Quinnipiac’s Law in Society program combines the classic values of a liberal arts education with the critical thinking, analytical writing and oral presentation skills of the legal profession to prepare graduates who are active and thoughtful citizens in their local and global communities.

Program Overview

A student reads his notebook sitting in an outdoor courtyard by the College of Arts and Sciences buildings.

Focused learning

Students on all of our campuses have areas inside and outside that are designed to provide opportunities to collaborate and reflect.

With our humanities-based approach to the study of law, you will be exposed to different methodologies and distinct approaches to the understanding of law, while learning how the law shapes and is shaped by particular perspectives, historical contexts and actual practice. Our experienced faculty of practicing lawyers and judges teach you how to interpret laws, form arguments and understand a variety of complex legal issues. Additionally, the program’s electives allow you to tailor your degree to your career goals. Many graduates attend law school or graduate school, or work as paralegals in law offices. But job prospects don’t end at the courtroom or law office. The skills of legal reasoning and critical thinking translate into fields as diverse as policy, mediation, local law enforcement, social services, education and human relations.

Your studies expose you to a strong blend of theory and real-world experience. In the internship seminar, taken in your senior year, you will apply your knowledge in a practical environment such as a private law firm, courthouse, non-profit organization, or even the office of the State’s Attorney or Connecticut’s Attorney General. As part of the major requirements, students complete a Legal Studies certificate, approved by the American Bar Association.


A degree in law in society can position you for a career in a growing number of specialized and in-demand opportunities. Graduates can work in law offices, government agencies, businesses, education and related specialties. Law in Society majors gain abilities that are valued in a wide spectrum of potential careers.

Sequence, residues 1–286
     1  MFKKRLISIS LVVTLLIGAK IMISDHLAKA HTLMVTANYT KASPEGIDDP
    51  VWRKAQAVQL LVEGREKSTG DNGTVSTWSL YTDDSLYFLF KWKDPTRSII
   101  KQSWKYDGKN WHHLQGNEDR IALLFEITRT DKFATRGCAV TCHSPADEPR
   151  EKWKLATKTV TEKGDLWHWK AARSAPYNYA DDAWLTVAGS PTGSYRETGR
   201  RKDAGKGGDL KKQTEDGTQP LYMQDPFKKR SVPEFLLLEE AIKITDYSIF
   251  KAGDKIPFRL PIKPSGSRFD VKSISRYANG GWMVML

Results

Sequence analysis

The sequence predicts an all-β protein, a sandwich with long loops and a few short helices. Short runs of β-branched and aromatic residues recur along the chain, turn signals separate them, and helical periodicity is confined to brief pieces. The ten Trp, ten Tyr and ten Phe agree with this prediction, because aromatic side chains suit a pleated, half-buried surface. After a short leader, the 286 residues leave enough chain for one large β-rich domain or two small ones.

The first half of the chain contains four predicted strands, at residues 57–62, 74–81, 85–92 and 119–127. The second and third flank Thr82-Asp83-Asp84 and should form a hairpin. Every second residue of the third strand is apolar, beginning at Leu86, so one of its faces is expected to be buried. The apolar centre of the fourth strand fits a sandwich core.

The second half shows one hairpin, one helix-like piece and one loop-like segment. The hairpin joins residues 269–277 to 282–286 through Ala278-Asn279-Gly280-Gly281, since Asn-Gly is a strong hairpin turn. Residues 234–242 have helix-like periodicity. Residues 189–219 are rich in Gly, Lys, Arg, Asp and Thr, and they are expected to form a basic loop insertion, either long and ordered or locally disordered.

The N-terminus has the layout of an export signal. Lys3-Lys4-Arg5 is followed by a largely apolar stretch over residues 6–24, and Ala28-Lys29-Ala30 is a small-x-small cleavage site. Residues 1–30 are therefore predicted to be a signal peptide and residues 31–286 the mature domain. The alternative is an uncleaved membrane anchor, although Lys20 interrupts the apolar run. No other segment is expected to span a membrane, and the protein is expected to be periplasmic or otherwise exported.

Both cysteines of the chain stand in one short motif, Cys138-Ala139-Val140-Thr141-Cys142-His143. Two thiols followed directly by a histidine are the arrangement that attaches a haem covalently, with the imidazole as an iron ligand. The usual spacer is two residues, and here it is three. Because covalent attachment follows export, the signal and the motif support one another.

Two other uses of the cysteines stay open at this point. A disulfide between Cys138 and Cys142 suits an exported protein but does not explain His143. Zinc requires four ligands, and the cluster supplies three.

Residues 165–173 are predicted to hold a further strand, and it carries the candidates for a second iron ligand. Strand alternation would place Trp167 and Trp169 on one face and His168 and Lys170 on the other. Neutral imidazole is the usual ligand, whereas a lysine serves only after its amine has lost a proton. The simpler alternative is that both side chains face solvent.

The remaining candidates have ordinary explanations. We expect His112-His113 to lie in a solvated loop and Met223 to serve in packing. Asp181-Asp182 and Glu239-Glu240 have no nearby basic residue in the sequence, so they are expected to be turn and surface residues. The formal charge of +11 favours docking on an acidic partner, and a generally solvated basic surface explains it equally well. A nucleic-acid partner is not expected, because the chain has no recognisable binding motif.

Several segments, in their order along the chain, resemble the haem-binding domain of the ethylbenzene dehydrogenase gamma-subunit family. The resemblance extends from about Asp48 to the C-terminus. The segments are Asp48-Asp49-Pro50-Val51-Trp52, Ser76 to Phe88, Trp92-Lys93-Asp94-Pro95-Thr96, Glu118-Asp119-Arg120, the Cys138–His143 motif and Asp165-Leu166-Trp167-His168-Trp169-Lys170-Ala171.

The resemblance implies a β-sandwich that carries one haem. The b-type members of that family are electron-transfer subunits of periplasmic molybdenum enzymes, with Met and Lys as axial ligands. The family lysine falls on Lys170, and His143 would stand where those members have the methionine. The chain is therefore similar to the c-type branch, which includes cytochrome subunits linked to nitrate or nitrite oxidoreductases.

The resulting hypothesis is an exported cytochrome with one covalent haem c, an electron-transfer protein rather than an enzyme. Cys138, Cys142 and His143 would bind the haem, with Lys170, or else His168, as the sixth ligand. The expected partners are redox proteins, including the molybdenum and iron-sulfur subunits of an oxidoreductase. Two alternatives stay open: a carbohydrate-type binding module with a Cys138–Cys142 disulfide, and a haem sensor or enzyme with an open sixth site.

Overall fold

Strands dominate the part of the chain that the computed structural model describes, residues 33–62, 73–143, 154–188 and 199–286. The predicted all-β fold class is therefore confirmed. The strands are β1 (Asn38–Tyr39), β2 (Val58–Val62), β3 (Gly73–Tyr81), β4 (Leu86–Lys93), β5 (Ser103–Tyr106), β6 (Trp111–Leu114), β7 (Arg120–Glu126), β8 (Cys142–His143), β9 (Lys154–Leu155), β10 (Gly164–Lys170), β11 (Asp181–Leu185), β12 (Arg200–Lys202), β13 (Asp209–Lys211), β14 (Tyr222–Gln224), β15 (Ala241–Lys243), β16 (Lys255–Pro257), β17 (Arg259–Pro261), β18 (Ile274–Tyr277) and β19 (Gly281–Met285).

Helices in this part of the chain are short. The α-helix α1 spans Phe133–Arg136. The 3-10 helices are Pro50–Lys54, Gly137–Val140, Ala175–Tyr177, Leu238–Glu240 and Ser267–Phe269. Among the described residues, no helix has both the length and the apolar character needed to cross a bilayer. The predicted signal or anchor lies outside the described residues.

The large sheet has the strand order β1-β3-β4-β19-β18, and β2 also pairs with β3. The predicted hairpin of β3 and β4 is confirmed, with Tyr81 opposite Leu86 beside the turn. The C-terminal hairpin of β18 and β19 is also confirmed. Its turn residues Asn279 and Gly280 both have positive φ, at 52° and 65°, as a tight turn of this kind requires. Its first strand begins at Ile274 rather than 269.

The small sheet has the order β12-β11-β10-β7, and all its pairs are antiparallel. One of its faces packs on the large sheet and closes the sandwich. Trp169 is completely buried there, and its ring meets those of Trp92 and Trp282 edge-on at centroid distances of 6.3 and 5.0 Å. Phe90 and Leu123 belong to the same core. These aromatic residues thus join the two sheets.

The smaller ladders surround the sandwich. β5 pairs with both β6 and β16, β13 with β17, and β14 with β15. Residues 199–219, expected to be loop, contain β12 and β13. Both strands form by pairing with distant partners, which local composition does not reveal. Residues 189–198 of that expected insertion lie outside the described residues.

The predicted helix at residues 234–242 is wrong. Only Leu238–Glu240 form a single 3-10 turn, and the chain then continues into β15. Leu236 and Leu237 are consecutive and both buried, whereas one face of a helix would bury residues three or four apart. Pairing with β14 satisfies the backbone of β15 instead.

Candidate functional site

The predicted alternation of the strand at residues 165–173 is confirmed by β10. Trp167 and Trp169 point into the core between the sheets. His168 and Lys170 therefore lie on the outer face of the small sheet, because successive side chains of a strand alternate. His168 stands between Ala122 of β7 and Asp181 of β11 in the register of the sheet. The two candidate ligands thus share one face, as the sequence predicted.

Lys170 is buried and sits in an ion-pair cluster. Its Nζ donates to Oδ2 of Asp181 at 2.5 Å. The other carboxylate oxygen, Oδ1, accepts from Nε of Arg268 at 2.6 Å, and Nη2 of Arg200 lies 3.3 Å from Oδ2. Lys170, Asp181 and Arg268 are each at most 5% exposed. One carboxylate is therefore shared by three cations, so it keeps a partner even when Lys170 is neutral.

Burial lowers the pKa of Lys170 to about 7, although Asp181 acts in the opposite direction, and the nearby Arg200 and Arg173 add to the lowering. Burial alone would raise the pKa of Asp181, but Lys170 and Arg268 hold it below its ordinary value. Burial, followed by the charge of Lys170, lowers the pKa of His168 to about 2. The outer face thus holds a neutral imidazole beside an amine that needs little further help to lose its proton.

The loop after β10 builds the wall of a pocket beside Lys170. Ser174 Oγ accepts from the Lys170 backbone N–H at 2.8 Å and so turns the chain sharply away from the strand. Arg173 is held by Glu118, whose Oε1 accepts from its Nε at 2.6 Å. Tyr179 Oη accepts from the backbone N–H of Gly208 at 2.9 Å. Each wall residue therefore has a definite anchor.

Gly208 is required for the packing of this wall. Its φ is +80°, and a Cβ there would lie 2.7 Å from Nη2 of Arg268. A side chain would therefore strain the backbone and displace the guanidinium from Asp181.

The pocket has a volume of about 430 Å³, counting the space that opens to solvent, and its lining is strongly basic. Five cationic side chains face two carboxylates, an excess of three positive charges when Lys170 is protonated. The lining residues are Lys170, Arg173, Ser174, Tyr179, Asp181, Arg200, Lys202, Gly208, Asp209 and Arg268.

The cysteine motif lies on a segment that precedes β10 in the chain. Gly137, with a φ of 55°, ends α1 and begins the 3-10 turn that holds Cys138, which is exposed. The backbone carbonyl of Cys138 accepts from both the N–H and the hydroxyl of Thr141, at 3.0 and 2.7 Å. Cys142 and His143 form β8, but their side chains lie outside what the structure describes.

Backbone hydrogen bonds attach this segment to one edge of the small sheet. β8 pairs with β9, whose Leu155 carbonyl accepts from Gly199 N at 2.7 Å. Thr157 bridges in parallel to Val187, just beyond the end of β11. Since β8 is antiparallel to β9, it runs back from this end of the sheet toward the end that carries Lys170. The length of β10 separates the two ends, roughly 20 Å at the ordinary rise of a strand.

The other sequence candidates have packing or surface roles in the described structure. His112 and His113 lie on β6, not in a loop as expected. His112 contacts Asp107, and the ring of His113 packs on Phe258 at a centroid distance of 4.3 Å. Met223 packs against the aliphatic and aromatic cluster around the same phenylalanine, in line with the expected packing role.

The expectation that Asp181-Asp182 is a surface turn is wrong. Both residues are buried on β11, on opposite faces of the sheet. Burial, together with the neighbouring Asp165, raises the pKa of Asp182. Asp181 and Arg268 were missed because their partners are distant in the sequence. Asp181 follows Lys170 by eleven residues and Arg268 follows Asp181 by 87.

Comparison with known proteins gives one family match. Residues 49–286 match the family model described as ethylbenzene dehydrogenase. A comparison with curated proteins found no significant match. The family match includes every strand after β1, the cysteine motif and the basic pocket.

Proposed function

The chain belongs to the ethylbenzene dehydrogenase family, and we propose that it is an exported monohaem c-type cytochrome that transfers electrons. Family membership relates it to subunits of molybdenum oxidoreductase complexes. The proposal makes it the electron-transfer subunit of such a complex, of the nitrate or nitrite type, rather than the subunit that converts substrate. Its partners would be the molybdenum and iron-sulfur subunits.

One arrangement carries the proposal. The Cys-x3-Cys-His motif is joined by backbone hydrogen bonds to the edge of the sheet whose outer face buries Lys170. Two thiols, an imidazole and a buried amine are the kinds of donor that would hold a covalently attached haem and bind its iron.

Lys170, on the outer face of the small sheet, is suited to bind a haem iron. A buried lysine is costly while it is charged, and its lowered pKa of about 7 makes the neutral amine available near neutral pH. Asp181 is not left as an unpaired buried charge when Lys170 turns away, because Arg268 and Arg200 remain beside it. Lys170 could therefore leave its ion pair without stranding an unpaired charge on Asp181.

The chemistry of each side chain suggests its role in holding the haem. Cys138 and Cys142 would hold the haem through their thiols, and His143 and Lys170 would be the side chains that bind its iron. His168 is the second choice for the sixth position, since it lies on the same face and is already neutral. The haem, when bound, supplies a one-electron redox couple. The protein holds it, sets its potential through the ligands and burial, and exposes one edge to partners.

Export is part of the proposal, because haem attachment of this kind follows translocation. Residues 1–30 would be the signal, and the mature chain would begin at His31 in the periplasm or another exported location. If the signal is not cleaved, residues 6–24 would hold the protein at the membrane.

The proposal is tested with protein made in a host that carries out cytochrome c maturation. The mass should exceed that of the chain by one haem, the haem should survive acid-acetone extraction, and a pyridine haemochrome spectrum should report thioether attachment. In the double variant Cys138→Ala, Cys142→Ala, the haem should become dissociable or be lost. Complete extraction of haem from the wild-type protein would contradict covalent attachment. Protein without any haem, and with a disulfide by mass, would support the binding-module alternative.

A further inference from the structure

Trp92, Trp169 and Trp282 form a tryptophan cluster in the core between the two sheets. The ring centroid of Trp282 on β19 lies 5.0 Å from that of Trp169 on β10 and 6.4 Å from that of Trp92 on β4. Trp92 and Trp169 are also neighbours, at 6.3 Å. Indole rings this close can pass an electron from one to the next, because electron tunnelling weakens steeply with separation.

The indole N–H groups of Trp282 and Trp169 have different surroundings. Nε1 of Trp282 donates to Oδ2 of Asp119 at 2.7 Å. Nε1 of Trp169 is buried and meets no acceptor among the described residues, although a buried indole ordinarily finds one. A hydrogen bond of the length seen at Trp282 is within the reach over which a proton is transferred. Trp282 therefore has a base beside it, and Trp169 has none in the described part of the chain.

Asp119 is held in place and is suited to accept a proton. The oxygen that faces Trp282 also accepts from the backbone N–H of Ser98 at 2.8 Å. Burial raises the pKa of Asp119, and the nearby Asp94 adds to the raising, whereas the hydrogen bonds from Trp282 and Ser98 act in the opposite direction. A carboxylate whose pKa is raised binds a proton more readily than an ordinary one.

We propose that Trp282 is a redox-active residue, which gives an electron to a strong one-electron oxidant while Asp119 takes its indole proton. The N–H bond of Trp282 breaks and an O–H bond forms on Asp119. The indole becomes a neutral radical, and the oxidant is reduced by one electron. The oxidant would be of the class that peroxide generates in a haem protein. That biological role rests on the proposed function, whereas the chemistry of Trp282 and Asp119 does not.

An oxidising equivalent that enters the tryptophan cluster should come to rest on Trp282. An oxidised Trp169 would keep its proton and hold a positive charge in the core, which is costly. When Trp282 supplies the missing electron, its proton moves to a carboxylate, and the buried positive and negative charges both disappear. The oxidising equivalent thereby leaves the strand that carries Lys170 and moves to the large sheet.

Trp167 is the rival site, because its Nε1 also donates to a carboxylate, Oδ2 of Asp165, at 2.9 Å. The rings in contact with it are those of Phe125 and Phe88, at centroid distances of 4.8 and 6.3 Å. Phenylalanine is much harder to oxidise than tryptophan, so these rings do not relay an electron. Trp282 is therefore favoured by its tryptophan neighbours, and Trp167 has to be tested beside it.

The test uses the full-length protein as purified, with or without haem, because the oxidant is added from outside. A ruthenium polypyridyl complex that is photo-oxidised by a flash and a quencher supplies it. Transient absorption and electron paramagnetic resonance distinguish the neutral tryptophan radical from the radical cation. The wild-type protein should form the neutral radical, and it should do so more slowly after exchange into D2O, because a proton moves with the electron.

Examples of careers for law in society majors:

Legal field

  • Consultants
  • Legal Assistants
  • Litigation Analysts
  • Paralegals
  • Research Associates

Government/state agencies

  • Court Administrators
  • Court Clerks
  • FBI Agents
  • Government Relations Directors
  • Law Enforcement Officers
  • Policy Developers
  • Public Service Administrators


  • Data Analysts
  • Historians
  • Human Resource Managers
  • Social Workers
  • Teachers
  • Reporters

Curriculum and Requirements

BA in Law in Society Curriculum 

In addition to the University Curriculum and the College of Arts and Sciences Curriculum requirements, students majoring in Law in Society must meet the following requirements for graduation:

Law in Society Core Requirements
Students must earn a grade of C or better in all Law in Society core requirements at the 200 level or above, to move to the next required courses.
LE 101Introduction to the American Legal System3
LE 211Legal Reasoning, Research and Writing I3
LE 212Legal Reasoning, Research and Writing II3
LE 305Civil Procedures3
LE 340American Constitutional Law (PO353)3
LE 485Legal Internship Seminar3
LE 490 (Senior Seminar in Law in Society) 13
Law in Society Elective Courses
At least 9 credits must be at the 300 level:
Legal Practice Electives
Select two courses of the following:6
LE 309
Advanced Legal Writing and Advocacy
LE 311
Administrative Agencies
LE 315
Wills, Probate and Estate Administration
LE 320
Land Transfer and Closing Procedures
LE 328
Employment Law
LE 330
Law of Business Entities
LE 345
Intellectual Property
LE 360
LE 370
Alternative Perspectives in the Law Electives
Select one of the following: 3
LE 250
Gender and the Law (WS 250)
LE 317
International Law (PO 317)
LE 319
International Law and the Individual
LE 322
Health Care Law (HSC 322)
LE 342
Comparative Constitutional Law (PO 342)
LE 350
Federal Indian Law and Policy
PL 202
Logical Reasoning
PS 383
Psychology and the Law
Legal Studies Electives
LE 115
Criminal Law
LE 150
Introduction to Mock Trial
LE 160
Competitive Mock Trial (may be taken up to three times, or twice if LE 150 was taken)
LE 200
Special Topics
LE 224
Sports Law (SPS 224)
LE 225
Alternative Dispute Resolution
LE 260
Trial Techniques
LE 300
Special Topics
LE 312
Family Law
Three additional courses chosen from any LE elective, including those in Legal Practice and Alternative Perspectives9
Additional Requirements 2
SO 101Introduction to Sociology3
Select a 200-level English course3
Select an American History course3
Total Credits48

 Course available beginning Fall 2019.


May be taken in conjunction with the College of Arts and Sciences requirements.

Students also must complete a minor in any other department within the university.

Additional course details
Explore descriptions, schedule and instructor information using the Course Finder tool.